The Tom Waits Oracle

“When you are writing, you’re conjuring. It’s a ritual, and you need to be brave and respectful and sometimes get out of the way of whatever it is that you’re inviting into the room.” ― Tom Waits

Ever use shufflemancy? It’s a type of technomancy that relies on shuffling through a collection of music. It could be an album, it could be a playlist of your favorite songs, any sufficiently large number of tunes will do.

Tom Waits has been described as a lot of things: avant-garde, gravelly, whiskey-soaked, experimental, a raconteur. John Hodgman said that “[w]e all hear our own stories in our favorite songs (that is why Tom Waits sings in werewolf language—you can pretend it is about anything you want!),” and I’m inclined to agree.

And so, I tacked together a shufflemancy playlist made up entirely of Tom Waits tracks.

It’s pretty self-explanatory. Clear your head, ask your question, hit shuffle, and listen. (Or, if you’re not using the Spotify app, shut your eyes, scroll, click, and listen.) Do any lyrics leap out at you? What impressions do you get? Let the werewolf troubadour sing(/play/beat the bathroom door with a 2×4) you a divination.

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6 Signs Your Spiritual Advisor Might Be Full of It

Once, I mentioned to someone that I was interested in visiting a Reiki massage therapist. Immediately after I said it, I received a very baffling piece of advice: “Don’t join a cult.”

I say baffling, because:

  1. What do either of those things have to do with each other?
  2. Cults have a very definite set of characteristics that make them destructive to the people they trap. People don’t join a cult because they’re foolish or don’t know any better. They join them because they are desperate, and cults have a highly evolved set of strategies for preying on this desperation. Saying “don’t join a cult” is an extremely reductive treatment of a set of very complex psychological and social problems.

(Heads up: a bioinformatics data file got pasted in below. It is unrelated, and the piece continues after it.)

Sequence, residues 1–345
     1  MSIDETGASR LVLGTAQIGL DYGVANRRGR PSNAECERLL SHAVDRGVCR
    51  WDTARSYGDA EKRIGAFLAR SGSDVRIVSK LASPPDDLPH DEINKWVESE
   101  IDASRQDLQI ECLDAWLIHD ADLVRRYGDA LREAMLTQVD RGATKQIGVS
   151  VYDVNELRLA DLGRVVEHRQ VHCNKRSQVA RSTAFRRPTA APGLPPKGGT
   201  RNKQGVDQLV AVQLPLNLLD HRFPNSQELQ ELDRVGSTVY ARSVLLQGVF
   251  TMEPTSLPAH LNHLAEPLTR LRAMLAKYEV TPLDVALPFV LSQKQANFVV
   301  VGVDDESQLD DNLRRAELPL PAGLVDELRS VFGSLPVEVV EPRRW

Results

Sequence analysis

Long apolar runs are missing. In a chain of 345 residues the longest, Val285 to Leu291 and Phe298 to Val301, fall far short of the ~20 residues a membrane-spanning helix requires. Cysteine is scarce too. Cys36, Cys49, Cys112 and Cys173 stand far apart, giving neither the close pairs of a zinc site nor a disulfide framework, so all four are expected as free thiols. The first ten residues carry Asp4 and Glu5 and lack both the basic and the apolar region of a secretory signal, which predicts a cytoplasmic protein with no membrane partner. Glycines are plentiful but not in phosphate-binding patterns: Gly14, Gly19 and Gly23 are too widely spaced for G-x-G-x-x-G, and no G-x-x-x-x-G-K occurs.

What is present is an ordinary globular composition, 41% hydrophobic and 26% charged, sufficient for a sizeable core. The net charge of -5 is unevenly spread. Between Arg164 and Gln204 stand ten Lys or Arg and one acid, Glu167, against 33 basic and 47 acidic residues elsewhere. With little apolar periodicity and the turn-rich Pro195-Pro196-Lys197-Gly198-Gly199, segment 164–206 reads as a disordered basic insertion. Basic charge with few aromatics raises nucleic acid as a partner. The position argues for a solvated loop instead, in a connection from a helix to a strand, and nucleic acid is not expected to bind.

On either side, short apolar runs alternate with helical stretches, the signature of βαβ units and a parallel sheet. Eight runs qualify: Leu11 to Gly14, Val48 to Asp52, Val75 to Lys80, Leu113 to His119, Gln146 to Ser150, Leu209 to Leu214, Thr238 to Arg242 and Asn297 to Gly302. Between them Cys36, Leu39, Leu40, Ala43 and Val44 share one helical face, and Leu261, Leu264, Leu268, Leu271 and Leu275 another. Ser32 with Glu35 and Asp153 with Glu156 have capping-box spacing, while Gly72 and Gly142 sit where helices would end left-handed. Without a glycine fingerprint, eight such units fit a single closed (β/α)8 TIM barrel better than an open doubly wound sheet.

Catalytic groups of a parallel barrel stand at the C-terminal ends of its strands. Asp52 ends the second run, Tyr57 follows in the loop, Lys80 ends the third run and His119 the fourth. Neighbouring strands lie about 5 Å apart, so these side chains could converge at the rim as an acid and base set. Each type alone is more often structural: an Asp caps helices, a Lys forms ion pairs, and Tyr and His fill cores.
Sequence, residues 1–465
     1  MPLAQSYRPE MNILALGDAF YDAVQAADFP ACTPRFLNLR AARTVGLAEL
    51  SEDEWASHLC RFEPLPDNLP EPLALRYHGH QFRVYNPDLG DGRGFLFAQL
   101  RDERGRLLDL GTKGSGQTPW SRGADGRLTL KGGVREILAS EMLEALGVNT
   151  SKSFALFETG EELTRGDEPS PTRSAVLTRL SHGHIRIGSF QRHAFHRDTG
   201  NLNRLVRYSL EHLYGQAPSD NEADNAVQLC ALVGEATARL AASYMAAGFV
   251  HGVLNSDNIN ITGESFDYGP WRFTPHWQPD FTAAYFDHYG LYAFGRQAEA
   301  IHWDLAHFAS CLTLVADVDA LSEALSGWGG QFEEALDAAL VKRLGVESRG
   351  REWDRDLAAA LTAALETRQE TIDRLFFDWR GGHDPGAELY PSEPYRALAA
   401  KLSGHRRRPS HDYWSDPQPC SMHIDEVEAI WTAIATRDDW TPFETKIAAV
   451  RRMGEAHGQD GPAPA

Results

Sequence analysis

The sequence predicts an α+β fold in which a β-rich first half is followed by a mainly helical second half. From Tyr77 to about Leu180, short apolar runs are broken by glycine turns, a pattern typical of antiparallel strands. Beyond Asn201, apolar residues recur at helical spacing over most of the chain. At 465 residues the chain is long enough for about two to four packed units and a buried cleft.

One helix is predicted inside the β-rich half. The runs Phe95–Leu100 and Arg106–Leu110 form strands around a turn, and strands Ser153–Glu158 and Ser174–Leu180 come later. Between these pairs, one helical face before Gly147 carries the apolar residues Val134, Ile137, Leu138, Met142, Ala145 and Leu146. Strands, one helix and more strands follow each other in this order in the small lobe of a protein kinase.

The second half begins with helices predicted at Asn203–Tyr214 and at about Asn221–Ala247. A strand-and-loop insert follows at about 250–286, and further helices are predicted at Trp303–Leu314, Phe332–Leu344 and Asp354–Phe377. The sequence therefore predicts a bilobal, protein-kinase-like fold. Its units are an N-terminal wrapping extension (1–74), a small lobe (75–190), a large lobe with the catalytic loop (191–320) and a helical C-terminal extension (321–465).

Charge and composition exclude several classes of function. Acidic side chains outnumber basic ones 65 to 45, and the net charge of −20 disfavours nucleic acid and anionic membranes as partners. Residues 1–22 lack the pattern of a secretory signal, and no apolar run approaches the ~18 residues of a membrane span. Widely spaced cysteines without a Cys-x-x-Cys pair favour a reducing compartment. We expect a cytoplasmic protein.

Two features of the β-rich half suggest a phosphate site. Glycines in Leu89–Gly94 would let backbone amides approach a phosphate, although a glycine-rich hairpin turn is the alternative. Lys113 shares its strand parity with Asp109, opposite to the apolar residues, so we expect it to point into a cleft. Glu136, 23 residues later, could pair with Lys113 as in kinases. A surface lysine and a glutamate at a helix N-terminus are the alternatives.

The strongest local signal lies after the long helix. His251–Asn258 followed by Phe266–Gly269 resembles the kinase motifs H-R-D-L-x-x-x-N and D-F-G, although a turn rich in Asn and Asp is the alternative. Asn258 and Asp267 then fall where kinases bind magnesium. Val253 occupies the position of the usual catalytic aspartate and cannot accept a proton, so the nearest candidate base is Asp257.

3. Cults work because people don’t realize they’re about to join one. Saying “don’t join a cult” is a bit like saying “don’t choke to death on a potato” or “don’t get malaria.”

In Drawing Down the Moon: Witches, Druids, Goddess-Worshippers, and Other Pagans in America, Margot Adler points out that Pagan groups don’t share the characteristics of cults. I can’t reasonably say that no Pagan group leader has ever used their influence the way a cult leader does, but the motivations for being Pagan, or even being a secular witch, are not rooted in the desperation and desire to belong that are the hallmarks of someone vulnerable to a cult. (Given the number of solitary Pagans and witches, it would really odd way to go about obtaining a sense of belonging.)

A fangy-toothed cat sleeping upside down.

I have no idea what image would be appropriate for this sort of post, but all of the blogging guides say I need to have one. So, here’s Pye’s enormous, doofy face, because the rest of this post is heavy.

That said, sometimes spiritual advisors and Pagan group leaders take a hard left into toxicity. I mean, there’s a whole range of behavior between garden-variety low functioning manipulators and Shoko Asahara (and none of it is good).

So, how do you tell if your spiritual advisor may not have your best interests at heart?

1. “You’re cursed, but I can save you.”